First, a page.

• Increase the property owner notification requirement from properties within 100 feet of the subject site to properties within 300 feet of a site proposed for a special use permit and/or rezoning case;
  • Increase the expiration date of a special use permit to two (2) years; and
  • Authorize the City Manager to grant a maximum of two (2), 1-year extensions upon a written request from the property owner and a review and recommendation from the director of planning.

One of the problems with removing the Planning Commission from the process is that it limits the public’s involvement in the special use process.

After Monday’s agenda briefing where the council heard more in-depth information about the request, Satterfield along with City Attorney John Joye revised the proposed amendment to leave the Planning commission in the process — to an extent.

“I was asked to provide some alternate language should the Planning Commission remain in the process. While this doesn’t cover everything I believe it covers the main point. This particular section would have eliminated the Planning Commission in its entirety … this puts them back into the process,” he said.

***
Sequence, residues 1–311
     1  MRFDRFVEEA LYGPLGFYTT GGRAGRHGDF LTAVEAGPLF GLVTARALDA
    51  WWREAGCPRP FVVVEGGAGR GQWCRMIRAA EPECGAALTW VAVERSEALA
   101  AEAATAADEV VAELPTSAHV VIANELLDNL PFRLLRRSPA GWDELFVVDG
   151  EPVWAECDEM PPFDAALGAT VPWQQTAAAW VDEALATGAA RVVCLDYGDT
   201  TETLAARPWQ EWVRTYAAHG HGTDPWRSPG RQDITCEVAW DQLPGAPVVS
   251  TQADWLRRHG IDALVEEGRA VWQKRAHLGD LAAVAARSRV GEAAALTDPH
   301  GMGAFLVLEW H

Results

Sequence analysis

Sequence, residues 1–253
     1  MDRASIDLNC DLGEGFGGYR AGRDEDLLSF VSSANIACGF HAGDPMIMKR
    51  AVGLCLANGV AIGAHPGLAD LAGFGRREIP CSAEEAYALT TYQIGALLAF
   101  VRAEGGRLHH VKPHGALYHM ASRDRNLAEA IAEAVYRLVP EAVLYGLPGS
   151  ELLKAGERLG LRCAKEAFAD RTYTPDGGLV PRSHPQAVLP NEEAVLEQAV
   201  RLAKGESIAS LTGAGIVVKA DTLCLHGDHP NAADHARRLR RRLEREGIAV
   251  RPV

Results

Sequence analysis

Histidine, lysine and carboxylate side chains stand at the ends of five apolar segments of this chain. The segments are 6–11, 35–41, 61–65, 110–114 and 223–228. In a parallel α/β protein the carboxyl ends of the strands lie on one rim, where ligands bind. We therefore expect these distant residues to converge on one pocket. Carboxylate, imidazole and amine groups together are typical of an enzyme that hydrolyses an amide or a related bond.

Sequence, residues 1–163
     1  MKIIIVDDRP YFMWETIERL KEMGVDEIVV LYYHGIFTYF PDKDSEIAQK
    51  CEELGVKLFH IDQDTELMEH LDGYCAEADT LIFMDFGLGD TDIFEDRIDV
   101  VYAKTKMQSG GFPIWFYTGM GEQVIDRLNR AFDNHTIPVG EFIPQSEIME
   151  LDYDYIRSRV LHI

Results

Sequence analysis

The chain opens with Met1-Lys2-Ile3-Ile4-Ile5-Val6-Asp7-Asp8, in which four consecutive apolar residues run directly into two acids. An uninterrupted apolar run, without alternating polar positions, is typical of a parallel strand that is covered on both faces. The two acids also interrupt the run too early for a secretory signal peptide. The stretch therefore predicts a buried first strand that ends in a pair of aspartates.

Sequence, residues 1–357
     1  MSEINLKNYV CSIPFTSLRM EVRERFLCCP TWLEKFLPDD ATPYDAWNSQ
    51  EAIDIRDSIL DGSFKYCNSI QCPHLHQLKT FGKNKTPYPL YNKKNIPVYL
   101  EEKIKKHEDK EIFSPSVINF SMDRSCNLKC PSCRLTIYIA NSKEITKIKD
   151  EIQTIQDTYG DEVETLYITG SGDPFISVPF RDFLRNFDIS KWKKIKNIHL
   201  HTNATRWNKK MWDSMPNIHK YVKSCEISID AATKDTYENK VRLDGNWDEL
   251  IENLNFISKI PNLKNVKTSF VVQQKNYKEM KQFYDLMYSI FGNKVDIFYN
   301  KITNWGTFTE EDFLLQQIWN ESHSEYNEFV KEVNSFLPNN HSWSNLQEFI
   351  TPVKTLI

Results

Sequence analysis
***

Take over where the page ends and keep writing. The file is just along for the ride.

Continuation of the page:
The updated language would read, “The Planning Commission shall review applications for special use permits and shall conduct a quasi-judicial hearing in which it may provide its feedback at the hearing regarding the completeness and procedural appropriateness of any case presented to it by parties that it deems to have standing. The Planning Commission shall not make a recommendation to City Council on the merits of the case.”

Public comment

One of the issues City Council faces when it comes to these special use permits is the fact they are prohibited from discussing the request outside of a public hearing.

This can frustrate residents who might want to have their voices heard about a request — it also frustrates Mayor Bill Saffo.

“The applicant can talk to the neighbors, and the staff can talk to the applicant, but the applicant cannot speak to us. We’re the last ones to even be spoken to until the night they come before us. But everyone else has all this information and all of a sudden its thrown on us with no interaction … I think that’s unfair, I think everyone else is in the mix, everyone else is having a discussion but we’re not,” Saffo said during Monday’s agenda briefing.

He also claimed that during these hearings in the past people have purposefully misled council in an attempt to sway their vote.

Despite its perceived flaws, requiring the Planning Commission to hear the special use permit request allows for more public transparency.

If the Planning Commission were removed from the process the city would require an expanded notice and a community meeting — but those who would be notified would still only be in close proximity to the project.

The item was discussed at length and eventually continued until April.